After the media were shocked by the Australian Federal Police (AFP) raids on the Sydney offices of the Australian Broadcasting Corporation (ABC) and the Canberra home of NewsCorp journalist Annika Smethurst1, they began the ‘Your right to know’ campaign, which began in earnest with a coordinated campaign of heavily ‘redacted’ front pages of major newspapers and some of the Murdoch rags (I hesitate to call them newspapers). The evening before these hit the newsstands, Australian broadcasters, including the ABC, the Special Broadcasting Service (SBS), Channel Seven, Nine, and Ten all ran advertisements criticising government secrecy2. This campaign was enthusiastically supported by the Media, Entertainment and Arts Alliance (MEAA), the union (they’d hate that term; they prefer association) that covers journalists.
As everybody now knows, Prime Minister Scott Morrison took a secret holiday to Hawaii with his family, presumably to get away from the smoke blanketing Sydney, Canberra and various other parts of the country. Prior to Morrison and his family leaving, the Prime Minister’s Office (PMO) obtained agreement from the major news organisations, and NewsCorp, to keep the fact that Morrison would be leaving, and his destination, secret. So, how did this item of news get out if the media were sworn to secrecy? Social media, that’s how. Again, as with the Barnaby Joyce horizontal folk-dancing scandal, and the assorted Angus Taylor scandals, it was social media (mostly Twitter, as far as I can determine) which started the hashtag #WhereTheBloodyHellAreYou when Morrison disappeared from view, and it was apparently social media that found out Morrison was is Hawaii5. It was only when the hashtag started to trend on Twitter, that the major media organisations started to run the story.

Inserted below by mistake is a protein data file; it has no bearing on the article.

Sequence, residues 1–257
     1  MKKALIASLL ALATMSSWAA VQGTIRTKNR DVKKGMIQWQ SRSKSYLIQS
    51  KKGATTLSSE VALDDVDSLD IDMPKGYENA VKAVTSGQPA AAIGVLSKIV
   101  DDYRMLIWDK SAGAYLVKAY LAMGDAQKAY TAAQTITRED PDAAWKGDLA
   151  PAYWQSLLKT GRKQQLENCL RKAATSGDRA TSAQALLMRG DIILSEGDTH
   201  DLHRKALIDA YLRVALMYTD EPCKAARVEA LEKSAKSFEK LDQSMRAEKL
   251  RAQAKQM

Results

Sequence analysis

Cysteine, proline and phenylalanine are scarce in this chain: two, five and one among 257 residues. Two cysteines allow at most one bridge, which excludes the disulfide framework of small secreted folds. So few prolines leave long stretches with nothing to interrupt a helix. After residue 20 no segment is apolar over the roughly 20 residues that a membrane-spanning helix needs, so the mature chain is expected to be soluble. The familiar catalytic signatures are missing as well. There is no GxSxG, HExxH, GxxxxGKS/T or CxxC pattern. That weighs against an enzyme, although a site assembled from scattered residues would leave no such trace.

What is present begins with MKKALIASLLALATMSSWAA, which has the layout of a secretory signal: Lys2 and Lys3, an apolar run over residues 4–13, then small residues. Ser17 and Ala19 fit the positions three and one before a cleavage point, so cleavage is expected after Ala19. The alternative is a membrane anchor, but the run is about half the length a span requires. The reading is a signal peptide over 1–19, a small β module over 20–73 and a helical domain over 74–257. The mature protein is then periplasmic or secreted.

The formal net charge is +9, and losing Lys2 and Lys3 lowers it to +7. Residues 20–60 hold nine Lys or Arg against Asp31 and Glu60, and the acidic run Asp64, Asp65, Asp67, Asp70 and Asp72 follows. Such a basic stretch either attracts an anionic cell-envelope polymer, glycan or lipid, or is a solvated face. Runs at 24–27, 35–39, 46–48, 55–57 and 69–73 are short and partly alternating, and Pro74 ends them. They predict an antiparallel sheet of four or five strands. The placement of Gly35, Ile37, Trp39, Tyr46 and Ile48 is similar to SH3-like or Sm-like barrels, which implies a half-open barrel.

There are three aspects to this story which are worthy of comment. Firstly, if Morrison had been up-front about his desire for a family holiday and made an announcement to that effect, and that the idiot McCormack was to be acting Prime Minister, there would have been some opprobrium directed at him, but that would have most likely blown over relatively quickly. Whether it was Morrison or some halfwit in his office who decided to keep it secret will probably never be known (I bet it was Morrison). Whoever it was, their judgement was poor at best, and much worse than Christine Nixon’s during the Black Saturday fires of 20095. Disappearing on the quiet when the nation is facing one of its greatest bushfire crises was an appalling misjudgement. This lack of judgement is best demonstrated by a cartoon by Glen Le Lievre which comprises two frames; one with an exhausted fire-fighter lying flat out in a blackened landscape with staring catatonic eyes directed upwards; the other with Morrison flat out, snoozing on a beach towel with a book and a cocktail alongside him6. Maybe the government needs to rehire its empathy consultant. Secondly, again it is social media which is setting the agenda, and the major news organisations which are dragging the chain. Thirdly, and perhaps most importantly, this is another demonstration of the capture of the ‘mainstream media’ by the political class. It was the PMO who slithered up to the press gallery and put their eight arms around the respective shoulders of their pet journalists and asked them to keep the story quiet. And what did the press gallery do? They acquiesced. They need to pick their game up. After all, it is our right to know, isn’t it MEAA?